There are both federal and state labor laws regulating tipped employees, so you should look at your state's labor laws for further clarification. When federal and state laws intersect, the one that most benefits the employee applies.
In regards to deductions, if the employee is making only the federal minimum wage of $2.13 per hour for a tipped employee, the restaurant may not deduct anything from the employee outside of allowed benefits because it will drop the employee's wage below minimum wage. The reason it will drop it below minimum wage, regardless of how much the server actually makes in tips, is because the employer may only claim $5.12 of the employee's tips toward a "tip credit" which brings the employee's $2.13 per hour wage up to the federal minimum of $7.25. So, even if the server actually earned $15 per hour in tips, the restaurant can only claim $5.12 toward calculating toward the minimum wage they have to pay by law. Essentially, unless a restaurant pays over $2.13 per hour, they cannot make a deduction without violating federal minimum wage law.
State laws often bring the minimum wage higher than the federal wage, and they may also raise the amount of employee tips the owner can apply toward the "tip credit". However, many of these states also have a law against an employer making deductions that bring the employee's wage below the state minimum wage. If they also put a cap on the "tip credit", it basically makes deductions illegal unless the restaurant pays over the states minimum base rate (i.e. $2.13 per hour).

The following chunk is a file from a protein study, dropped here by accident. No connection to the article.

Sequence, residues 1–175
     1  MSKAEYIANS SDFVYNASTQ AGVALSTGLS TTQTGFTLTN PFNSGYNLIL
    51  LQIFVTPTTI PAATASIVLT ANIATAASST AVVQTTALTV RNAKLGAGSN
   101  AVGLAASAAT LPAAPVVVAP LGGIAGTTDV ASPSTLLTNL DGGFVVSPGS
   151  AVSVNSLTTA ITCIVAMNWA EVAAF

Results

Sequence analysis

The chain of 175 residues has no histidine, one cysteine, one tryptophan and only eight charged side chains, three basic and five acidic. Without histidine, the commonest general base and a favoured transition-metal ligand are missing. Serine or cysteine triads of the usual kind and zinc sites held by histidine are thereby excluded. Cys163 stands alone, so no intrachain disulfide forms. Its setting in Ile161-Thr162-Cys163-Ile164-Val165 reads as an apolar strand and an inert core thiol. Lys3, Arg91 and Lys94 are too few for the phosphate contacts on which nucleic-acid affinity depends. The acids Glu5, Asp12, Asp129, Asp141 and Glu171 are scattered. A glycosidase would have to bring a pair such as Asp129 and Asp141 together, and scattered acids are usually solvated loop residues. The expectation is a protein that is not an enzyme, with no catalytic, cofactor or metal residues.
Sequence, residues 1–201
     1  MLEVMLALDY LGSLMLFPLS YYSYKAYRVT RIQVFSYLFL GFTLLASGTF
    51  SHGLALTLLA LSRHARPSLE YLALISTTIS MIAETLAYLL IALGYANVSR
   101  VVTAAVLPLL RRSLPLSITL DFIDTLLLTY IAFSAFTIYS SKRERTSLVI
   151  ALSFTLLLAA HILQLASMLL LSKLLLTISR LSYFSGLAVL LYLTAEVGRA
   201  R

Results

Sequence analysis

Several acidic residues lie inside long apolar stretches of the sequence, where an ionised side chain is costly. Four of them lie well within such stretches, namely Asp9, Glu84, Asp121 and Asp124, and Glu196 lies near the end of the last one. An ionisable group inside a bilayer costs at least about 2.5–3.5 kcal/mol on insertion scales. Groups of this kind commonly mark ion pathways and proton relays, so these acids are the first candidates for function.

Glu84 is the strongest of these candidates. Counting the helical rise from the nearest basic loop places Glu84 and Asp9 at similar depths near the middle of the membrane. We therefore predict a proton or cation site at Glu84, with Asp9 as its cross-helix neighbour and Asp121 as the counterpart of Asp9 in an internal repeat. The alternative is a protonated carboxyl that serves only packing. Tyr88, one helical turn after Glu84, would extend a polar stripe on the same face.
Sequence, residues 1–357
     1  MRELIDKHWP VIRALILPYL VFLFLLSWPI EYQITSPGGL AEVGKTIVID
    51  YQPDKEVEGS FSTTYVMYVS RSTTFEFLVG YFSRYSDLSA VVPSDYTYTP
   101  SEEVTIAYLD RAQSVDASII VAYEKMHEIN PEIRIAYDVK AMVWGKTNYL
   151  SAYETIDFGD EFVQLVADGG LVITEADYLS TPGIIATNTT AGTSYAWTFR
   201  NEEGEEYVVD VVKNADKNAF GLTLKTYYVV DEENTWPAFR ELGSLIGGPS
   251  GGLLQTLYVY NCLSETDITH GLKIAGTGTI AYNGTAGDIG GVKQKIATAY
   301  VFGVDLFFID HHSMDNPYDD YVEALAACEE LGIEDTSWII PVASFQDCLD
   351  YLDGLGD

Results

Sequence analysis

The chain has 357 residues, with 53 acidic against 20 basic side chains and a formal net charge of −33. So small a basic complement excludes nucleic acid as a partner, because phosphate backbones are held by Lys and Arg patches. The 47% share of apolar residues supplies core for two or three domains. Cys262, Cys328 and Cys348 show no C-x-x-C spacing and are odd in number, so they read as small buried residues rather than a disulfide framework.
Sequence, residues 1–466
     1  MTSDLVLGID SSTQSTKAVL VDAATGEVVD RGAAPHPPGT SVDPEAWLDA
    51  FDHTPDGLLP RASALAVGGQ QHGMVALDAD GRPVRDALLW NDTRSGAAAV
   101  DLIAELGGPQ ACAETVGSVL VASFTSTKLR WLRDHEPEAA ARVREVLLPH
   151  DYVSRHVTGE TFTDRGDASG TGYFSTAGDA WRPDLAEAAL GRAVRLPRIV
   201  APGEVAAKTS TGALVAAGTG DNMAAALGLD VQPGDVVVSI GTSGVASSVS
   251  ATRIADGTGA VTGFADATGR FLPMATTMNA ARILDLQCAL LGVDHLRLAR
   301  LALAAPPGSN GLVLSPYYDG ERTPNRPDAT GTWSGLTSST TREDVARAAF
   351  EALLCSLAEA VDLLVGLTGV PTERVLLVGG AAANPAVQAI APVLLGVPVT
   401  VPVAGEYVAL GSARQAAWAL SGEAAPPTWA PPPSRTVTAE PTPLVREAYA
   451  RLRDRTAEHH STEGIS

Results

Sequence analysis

This excerpt is from a fact sheet from the Department of Labor website, http://www.dol.gov/whd/regs/compliance/whdfs15.htm. Most questions like these are cover in the fact sheets and FAQs.
Minimum Wage Problems:
- Where an employee does not receive sufficient tips to make up the difference between the direct (or cash) wage payment (which must be at least $2.13 per hour) and the minimum wage, the employer must make up the difference.
- Where an employee receives tips only and is paid no cash wage, the full minimum wage is owed.
- Where deductions for walk-outs, breakage, or cash register shortages reduce the employee’s wages below the minimum wage, such deductions are illegal. Where a tipped employee is paid $2.13 per hour in direct (or cash) wages and the employer claims the maximum tip credit of $5.12 per hour, no such deductions can be made without reducing the employee below the minimum wage (even where the employee receives more than $5.12 per hour in tips).
- Where a tipped employee is required to contribute to a tip pool that includes employees who do not customarily and regularly receive tips, the employee is owed all tips he or she contributed to the pool and the full $7.25 minimum wage.